Bernier, François, Travels in the Mogul Empire A.D. 1656-1668

(Westminster, Eng. :  Constable,  1891.)



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APPENDIX II.                               469

This Atlas must our sinking State uphold ;
In Council cool, but in jjerformance bold :
He sums their Virtues in himself alone.
And adds the greatest, of a Loyal .Son :
His Father's Cause upon his Sword he wears.
And with his Arms, we hope, his fortune bears.
Solym. Two vast Rewards may well his courage move,
A parent's blessing, and a Mistris Love.
If he succeed, his recompense, we hear.
Must be the Captive Queen of Cassimere.

Which may be compared with pp. 6-ii, of Bernier's text.

A P P E N D I X    XL

On the identity of the ' Great Mogul's diamond'
ivith ihe Koh-i-nur.

Catrou states that Mirza Mula (otherwise Mergi Mola) served for
some time in the army of the Mogul (i.e. Shah Jahan) and rose to high
command, but that, disgusted with the contempt of Prince 'Diti., he
entered the service of the King of Golconda, by whom he w^as appointed
'superintendent over the customs and the traffic of the King.' Profit¬
ing by so advantageous a post, and trading on his own account, he soon
amassed immense wealth, which at first he used to gain the good graces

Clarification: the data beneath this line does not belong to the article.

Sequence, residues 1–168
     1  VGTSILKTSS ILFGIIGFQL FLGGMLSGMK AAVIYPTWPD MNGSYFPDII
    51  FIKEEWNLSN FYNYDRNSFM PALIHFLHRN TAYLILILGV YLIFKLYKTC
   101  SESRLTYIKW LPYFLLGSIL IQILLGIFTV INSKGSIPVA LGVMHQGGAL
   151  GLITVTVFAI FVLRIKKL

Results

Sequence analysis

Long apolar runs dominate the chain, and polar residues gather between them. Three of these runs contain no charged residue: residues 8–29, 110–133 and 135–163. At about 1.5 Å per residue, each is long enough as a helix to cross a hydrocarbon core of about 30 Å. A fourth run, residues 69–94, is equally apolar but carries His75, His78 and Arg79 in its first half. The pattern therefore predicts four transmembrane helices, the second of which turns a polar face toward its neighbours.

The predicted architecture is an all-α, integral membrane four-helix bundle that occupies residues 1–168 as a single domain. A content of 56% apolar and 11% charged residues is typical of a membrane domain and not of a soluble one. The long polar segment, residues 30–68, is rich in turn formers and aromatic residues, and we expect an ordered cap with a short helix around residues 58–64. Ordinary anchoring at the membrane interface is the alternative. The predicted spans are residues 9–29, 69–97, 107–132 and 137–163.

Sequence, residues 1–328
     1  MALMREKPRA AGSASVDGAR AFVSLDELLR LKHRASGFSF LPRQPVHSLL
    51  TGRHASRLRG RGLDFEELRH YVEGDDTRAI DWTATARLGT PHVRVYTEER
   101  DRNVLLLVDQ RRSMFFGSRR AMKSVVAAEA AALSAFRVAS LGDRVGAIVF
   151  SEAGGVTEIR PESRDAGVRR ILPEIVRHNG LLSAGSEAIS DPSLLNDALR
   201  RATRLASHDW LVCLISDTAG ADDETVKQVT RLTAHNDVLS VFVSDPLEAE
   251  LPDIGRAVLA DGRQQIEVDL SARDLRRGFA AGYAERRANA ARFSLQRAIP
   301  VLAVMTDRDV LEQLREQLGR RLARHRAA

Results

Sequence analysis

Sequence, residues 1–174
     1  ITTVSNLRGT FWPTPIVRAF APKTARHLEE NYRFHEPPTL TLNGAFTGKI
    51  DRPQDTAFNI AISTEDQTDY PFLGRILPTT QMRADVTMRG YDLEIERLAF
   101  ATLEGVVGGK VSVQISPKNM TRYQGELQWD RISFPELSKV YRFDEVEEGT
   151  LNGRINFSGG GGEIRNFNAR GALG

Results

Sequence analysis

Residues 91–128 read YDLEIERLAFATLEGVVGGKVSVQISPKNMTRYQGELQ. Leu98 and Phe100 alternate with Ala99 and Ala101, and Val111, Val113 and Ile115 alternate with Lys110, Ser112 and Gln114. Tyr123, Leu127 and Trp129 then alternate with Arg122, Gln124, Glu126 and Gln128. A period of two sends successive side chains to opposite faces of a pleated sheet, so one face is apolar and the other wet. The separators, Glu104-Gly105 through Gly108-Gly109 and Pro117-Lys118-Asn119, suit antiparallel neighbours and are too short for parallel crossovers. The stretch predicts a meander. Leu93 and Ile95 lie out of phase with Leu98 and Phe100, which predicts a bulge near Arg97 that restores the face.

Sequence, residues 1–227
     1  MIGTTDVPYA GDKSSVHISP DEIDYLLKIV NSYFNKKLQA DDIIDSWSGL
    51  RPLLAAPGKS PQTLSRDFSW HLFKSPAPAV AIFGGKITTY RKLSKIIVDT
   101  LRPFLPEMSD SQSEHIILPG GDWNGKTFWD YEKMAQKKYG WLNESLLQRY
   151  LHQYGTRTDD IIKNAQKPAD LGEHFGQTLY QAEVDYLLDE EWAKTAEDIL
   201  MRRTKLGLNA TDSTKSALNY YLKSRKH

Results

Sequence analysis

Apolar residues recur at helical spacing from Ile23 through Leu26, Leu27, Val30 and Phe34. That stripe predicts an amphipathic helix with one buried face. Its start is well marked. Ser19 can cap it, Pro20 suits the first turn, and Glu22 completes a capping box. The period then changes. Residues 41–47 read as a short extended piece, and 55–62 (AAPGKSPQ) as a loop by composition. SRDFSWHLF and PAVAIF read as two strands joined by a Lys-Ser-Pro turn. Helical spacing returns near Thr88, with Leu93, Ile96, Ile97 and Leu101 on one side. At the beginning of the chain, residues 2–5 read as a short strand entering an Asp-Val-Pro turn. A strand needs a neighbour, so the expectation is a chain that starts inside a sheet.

of his master, procuring for him as presents rarities from Europe,
cabinets from China, and elephants from Ceylon. 'His magnificence
caused him to be taken notice of at Court, and as soon as he became
known, he attained to the first distinctions. What brought him into
chief notice was an intrigue of gallantry, which he carried on in private
with the mother of the King. She was a princess who still preserved
her beauty, at a rather adv.anced period of life. The King's acquaint¬
ance with the irregular conduct of his mother served only to advance
the fortunes of Mirza Mula. He was sent to a distance from the Court,
that the queen-mother might be prevented from giving occasion to
scandal; and the government of the province of the Carnatic was
bestowed upon him. The artful Persian knew how to turn his dis¬
grace to his advantage. The diamond mine, which adds so much
to the wealth of the kingdom of Golconda, was within the limits of his
government. He consequently determined to make the best use of
his time.    He retained for his own use the largest and the most perfect
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